controllers) another alternative is possible. The sata cable for the
boot drive can be inserted into a port on one controller (which can be
configured in IDE mode), allowing the machine to boot successfully
with the other controller configured for AHCI mode. The AHCI drivers
can then be installed in windows without difficulty before swapping
the cable back.
 
T

TVeblen

Is there any downside to setting the ICH10R ports to AHCI mode? (*Before*
XP
installation, of course). My setup will be 2 Sata HDDs and one Sata ODD
on
ICH10R.

Very driver specific and OS intolerant (done right or not at all)
according to wiki -

Enabling AHCI in a system's BIOS will cause a 0x7B Blue Screen of
Death STOP error (INACCESSIBLE_BOOT_DEVICE) on installations of
Windows XP and Windows Vista where AHCI/RAID drivers for that system's
chipset are not installed; i.e., boot failure.[5] Switching the
chipset to AHCI mode involves changing the BIOS settings and will not
work. Usually, manual installation of new drivers is required before
enabling AHCI in BIOS.[6] Alternatively, a "Repair" installation with
the appropriate driver loaded during the setup process usually
corrects the problem. For motherboards with more than one Sata
controller (for example, some boards have Intel and Jmicron Sata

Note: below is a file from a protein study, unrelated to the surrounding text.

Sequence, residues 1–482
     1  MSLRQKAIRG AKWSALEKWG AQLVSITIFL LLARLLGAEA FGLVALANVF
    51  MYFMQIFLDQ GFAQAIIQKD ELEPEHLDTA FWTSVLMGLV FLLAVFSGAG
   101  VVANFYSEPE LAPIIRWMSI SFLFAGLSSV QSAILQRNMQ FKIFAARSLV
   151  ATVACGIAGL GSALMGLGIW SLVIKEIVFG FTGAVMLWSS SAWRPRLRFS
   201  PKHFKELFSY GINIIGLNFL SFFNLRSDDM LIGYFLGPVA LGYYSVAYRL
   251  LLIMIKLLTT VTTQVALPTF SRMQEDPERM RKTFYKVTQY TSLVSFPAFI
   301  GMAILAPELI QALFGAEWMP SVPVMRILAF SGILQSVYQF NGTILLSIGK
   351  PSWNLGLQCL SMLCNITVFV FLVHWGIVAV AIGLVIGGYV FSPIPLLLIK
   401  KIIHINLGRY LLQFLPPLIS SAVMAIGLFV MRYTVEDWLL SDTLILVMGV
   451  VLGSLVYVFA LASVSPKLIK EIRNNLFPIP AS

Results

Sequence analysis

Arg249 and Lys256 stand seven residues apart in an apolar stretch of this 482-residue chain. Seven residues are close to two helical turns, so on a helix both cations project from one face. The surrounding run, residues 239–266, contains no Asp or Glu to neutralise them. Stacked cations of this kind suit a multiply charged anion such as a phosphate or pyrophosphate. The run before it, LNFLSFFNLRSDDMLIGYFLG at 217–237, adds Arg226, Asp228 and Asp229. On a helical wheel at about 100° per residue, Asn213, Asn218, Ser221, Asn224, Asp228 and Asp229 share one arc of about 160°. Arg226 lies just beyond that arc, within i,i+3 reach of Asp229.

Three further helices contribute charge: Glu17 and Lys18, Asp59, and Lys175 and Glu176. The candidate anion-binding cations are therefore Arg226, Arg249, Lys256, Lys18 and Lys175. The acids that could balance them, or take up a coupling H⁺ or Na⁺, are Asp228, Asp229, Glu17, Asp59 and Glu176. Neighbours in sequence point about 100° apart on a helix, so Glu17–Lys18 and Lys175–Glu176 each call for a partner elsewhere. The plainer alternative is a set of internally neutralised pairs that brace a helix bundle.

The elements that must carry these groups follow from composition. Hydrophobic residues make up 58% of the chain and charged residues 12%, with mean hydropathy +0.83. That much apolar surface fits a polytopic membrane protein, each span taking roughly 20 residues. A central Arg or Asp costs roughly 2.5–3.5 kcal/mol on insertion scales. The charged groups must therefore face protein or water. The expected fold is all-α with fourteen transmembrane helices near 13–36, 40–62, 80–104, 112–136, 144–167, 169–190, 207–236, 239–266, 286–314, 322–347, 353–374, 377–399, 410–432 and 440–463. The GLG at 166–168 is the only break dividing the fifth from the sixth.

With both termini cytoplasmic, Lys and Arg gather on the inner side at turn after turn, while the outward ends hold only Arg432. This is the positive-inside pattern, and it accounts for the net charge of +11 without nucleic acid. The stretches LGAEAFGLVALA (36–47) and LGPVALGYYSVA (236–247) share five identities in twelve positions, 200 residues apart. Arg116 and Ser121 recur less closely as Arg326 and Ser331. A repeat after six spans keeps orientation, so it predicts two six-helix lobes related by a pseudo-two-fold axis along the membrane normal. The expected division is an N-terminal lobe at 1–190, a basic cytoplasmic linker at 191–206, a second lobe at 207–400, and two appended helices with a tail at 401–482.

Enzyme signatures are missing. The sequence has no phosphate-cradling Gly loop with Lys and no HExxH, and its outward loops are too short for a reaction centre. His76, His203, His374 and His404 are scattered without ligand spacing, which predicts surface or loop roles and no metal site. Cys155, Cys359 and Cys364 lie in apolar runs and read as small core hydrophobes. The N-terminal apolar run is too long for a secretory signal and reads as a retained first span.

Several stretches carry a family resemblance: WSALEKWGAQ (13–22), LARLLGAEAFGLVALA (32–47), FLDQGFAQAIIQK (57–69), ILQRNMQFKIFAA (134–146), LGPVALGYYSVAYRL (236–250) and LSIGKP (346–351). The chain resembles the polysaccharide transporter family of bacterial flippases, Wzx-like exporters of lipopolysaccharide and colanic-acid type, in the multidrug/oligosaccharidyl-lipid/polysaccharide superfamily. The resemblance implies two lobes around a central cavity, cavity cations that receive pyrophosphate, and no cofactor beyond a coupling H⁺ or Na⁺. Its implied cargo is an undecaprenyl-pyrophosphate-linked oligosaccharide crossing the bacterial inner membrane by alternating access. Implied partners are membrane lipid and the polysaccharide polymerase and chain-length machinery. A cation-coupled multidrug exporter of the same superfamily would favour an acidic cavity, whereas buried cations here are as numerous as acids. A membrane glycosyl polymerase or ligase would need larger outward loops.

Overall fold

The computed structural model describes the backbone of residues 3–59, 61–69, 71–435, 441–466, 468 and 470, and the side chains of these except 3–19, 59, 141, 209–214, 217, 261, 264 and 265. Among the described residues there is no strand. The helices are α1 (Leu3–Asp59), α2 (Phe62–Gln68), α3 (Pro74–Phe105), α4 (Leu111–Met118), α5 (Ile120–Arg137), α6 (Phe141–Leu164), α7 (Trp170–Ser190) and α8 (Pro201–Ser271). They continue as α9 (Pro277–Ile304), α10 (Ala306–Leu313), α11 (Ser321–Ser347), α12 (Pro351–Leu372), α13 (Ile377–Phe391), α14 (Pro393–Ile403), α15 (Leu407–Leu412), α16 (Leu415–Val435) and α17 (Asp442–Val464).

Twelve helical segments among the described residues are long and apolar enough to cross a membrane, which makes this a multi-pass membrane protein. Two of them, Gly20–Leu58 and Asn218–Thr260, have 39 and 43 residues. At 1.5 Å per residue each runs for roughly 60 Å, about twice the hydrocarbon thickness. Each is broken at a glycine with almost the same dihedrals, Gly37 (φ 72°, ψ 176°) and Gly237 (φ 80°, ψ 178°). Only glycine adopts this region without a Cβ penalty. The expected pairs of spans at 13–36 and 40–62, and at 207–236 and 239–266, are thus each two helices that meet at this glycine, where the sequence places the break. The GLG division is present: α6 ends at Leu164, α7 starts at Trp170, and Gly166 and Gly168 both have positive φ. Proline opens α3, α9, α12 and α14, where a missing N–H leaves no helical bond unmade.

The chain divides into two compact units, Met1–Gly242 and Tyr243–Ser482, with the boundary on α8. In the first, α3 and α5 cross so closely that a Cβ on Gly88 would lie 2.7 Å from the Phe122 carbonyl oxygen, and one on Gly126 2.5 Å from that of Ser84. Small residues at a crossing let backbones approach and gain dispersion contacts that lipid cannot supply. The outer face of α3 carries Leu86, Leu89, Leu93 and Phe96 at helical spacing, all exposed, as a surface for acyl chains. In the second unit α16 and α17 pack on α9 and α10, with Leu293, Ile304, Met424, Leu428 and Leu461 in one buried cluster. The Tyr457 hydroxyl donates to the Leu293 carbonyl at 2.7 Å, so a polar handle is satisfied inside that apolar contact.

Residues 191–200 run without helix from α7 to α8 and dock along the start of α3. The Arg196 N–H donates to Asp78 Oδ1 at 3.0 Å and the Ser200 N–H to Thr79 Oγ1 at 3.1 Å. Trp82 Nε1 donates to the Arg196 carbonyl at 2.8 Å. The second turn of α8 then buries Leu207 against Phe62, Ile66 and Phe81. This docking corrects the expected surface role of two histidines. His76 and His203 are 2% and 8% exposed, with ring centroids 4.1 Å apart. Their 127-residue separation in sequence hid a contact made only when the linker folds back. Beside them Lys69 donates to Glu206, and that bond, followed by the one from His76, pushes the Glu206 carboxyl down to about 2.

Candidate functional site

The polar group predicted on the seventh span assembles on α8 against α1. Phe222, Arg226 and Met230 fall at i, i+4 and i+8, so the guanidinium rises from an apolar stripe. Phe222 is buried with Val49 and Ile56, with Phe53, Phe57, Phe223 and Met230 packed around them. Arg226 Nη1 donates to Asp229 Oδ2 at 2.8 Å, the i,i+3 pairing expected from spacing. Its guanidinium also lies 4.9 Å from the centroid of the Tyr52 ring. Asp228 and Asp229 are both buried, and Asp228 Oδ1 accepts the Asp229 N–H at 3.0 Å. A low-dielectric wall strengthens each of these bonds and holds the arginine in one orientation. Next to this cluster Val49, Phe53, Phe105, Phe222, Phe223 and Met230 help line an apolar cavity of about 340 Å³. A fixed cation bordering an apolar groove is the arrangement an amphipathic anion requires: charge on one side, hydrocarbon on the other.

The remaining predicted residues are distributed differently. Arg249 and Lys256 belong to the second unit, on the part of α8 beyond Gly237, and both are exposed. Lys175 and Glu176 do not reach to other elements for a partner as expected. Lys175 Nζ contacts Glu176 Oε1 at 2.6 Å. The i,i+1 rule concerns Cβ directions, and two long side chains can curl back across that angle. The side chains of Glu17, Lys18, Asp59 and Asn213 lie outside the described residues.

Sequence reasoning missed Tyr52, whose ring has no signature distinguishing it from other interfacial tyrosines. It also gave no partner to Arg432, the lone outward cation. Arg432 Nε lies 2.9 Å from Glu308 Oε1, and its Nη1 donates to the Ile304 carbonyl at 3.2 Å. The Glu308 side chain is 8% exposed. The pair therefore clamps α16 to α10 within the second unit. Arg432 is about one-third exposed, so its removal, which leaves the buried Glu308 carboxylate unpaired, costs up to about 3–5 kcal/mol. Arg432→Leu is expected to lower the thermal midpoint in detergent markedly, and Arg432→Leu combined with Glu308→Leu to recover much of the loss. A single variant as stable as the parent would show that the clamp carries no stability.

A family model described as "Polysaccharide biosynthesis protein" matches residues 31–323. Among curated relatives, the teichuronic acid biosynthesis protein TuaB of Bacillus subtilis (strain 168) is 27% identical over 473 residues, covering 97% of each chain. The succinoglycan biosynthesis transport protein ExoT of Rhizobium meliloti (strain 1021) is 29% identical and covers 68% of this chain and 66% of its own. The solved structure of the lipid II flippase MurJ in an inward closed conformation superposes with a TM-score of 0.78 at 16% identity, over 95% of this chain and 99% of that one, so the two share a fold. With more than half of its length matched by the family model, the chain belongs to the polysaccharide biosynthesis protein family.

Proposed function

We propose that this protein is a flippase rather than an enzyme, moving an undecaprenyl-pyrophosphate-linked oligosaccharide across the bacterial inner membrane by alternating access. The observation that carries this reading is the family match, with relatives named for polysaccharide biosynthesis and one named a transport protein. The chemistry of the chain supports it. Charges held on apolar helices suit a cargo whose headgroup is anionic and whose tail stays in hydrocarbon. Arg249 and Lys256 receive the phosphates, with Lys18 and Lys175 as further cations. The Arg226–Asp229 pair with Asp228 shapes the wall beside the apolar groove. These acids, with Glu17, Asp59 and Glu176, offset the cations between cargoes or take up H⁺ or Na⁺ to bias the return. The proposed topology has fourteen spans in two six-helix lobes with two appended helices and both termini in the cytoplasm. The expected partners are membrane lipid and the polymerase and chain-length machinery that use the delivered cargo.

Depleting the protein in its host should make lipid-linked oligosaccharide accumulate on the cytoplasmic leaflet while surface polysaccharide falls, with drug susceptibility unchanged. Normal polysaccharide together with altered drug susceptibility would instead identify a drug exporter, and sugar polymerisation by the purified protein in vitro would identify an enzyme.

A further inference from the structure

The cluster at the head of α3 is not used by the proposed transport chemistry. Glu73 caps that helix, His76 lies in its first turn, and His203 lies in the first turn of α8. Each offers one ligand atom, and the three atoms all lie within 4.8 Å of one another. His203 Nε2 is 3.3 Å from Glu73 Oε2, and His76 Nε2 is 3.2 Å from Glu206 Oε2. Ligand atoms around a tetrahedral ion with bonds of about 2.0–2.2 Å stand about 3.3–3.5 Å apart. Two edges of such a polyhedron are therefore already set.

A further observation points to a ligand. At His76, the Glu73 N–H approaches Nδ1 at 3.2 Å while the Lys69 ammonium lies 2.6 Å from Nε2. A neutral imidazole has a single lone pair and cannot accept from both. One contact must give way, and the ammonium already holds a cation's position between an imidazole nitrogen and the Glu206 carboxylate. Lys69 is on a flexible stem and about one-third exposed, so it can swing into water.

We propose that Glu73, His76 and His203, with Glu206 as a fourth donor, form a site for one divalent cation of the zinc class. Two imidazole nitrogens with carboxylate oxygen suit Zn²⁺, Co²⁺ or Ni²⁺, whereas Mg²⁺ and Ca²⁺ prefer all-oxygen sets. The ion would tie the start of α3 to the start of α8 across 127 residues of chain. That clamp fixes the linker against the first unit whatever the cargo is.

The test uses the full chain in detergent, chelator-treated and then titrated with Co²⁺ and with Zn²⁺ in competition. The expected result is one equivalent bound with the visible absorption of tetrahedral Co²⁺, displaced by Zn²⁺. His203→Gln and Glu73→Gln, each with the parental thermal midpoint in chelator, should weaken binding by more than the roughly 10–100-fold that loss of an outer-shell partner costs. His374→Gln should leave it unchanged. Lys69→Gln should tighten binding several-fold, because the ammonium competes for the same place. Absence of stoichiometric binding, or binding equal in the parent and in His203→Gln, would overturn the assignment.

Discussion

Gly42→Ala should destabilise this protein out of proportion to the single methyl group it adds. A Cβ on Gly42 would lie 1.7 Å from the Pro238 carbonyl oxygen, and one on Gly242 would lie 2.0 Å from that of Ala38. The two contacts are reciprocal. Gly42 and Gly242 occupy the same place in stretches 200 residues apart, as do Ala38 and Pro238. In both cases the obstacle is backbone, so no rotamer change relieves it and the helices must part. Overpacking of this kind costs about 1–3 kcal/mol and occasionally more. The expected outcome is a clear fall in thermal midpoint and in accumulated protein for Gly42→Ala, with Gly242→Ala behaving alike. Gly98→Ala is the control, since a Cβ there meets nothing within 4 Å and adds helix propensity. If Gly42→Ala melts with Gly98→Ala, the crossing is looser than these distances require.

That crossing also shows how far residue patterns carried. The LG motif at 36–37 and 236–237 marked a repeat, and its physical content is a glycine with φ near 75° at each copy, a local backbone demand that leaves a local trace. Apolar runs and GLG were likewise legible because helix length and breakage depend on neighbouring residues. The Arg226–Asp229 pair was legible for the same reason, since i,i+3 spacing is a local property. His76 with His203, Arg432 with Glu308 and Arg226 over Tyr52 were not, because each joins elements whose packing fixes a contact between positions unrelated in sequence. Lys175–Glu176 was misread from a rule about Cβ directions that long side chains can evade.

controllers) another alternative is possible. The sata cable for the
boot drive can be inserted into a port on one controller (which can be
configured in IDE mode), allowing the machine to boot successfully
with the other controller configured for AHCI mode. The AHCI drivers
can then be installed in windows without difficulty before swapping
the cable back.

Yes I read that. It is my understanding that the wording refers to already
installed versions of the OS - versions that were installed in IDE mode and
then converted in BIOS to AHCI afterwards. Further reading seems to confirm
this. One user "was able to force the installation of the drivers" to work
around the problem. But in any case it seems to be quite important to choose
a mode at first build and stick with it. Thus the annoying questions.